Benign Bone Tumors

What is a benign bone tumor?

 

Bone tumors develop when cells within a bone divide uncontrollably, forming a lump or mass of abnormal tissue. They can consist of any component of bone or the surrounding tissues, including: bone itself, cartilage, connective tissue, muscle, or fat.

Most bone tumors are benign (not cancerous) and not life-threatening. Malignant bone tumors (cancerous) - also known as sarcomas - can be life-threatening and metastasize, or spread to other parts of the body.

Some common types of benign bone tumors - and related conditions - include:

  • Non-ossifying fibroma

  • Osteochondroma

  • Enostosis (bone island)

  • Enchondroma

  • Unicameral (simple) bone cyst

  • Aneurysmal bone cyst

  • Giant cell tumor of bone

  • Fibrous dysplasia

  • Chondroblastoma

  • Osteoid osteoma

How common are benign bone tumors?

Benign bone tumors are common. Approximately 20% of children have a benign bone tumor without associated symptoms.

What causes a benign bone tumor?

For most benign bone tumors, the cause is unknown.

What are symptoms of a benign bone tumor?

 

​Most benign bone tumors are not symptomatic and are discovered incidentally when an x-ray is taken for another reason, such as a knee injury or fracture.

Occasionally, patients with a benign bone tumor will experience pain in the area of the tumor. This pain generally increases with activity.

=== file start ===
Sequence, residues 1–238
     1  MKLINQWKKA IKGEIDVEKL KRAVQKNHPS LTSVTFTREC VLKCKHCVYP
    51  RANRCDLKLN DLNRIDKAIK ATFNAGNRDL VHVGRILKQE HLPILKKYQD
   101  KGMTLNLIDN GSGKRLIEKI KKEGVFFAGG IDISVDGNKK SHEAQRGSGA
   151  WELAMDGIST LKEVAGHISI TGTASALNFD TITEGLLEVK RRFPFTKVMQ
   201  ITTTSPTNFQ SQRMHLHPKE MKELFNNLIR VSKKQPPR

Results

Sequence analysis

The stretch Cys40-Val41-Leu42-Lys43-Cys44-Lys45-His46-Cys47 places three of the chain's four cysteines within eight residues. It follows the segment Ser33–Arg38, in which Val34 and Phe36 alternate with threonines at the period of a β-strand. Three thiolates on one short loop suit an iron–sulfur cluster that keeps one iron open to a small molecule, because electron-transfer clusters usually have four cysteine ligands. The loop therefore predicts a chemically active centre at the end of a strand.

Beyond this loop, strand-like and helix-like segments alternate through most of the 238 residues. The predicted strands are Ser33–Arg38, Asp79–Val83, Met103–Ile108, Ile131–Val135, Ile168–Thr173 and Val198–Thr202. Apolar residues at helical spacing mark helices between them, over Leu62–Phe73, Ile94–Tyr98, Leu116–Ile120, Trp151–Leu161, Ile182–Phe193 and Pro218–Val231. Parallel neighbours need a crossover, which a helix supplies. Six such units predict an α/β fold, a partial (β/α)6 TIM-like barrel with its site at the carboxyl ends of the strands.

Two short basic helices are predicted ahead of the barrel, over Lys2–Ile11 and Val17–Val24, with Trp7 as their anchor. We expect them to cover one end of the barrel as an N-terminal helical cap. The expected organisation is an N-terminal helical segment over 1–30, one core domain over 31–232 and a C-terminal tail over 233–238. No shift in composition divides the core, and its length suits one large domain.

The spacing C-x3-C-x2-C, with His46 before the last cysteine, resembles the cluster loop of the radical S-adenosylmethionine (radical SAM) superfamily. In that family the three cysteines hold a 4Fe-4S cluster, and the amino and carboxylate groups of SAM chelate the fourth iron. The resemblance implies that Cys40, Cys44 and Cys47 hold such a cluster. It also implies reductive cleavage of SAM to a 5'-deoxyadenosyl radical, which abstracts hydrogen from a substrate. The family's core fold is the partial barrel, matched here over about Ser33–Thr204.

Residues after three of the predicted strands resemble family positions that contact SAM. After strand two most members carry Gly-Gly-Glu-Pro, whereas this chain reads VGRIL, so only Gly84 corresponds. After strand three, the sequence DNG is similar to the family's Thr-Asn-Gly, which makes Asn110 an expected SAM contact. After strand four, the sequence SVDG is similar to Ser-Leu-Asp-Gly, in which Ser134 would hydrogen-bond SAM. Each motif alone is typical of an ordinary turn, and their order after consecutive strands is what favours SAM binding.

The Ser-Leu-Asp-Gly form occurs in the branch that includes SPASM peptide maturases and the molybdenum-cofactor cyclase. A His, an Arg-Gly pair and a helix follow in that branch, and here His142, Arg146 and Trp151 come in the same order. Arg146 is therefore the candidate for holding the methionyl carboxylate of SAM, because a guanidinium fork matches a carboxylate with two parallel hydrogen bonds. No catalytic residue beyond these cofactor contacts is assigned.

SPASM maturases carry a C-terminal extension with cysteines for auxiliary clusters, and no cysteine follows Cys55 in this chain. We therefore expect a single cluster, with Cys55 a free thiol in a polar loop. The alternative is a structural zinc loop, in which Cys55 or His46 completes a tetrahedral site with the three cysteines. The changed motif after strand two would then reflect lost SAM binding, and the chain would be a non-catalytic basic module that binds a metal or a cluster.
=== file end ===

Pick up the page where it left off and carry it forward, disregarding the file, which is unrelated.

Although bone tumors are not caused by trauma, an injury can sometimes cause a bone that is weakened by a tumor to fracture, or break.

How do you diagnose a benign bone tumor?

 

​Infections, stress fractures, metabolic abnormalities, and other non-tumor conditions can all closely resemble benign bone tumors. To be sure you have a bone tumor and to determine which type, Dr. Collier will conduct a thorough evaluation and may order a number of tests, including:

  • Medical history and physical exam

  • X-rays

  • Other imaging studies (CT, MRI, Bone scan)

  • Biopsy

    • A biopsy may be necessary to confirm the diagnosis of a benign bone tumor and guide treatment. There are two basic methods of performing a biopsy:

      • Needle biopsy - After given local anest​hetic or sedation, a needle is inserted into the tumor to remove some tissue. The tissue is then evaluated under a microscope to confirm the diagnosis. A needle biopsy is most often done by a radiologist.

      • Open biopsy - An open biopsy is performed in an operating room by a surgeon.

  • Blood and/or urine tests

How do you treat a benign bone tumor?

Most benign bone tumors do not require treatment and can be observed over time with repeat imaging. In some cases, treatment may be recommended if the tumor is growing or if it is causing pain. Dr. Collier will work with you to develop a personalized treatment plan for your specific tumor and location.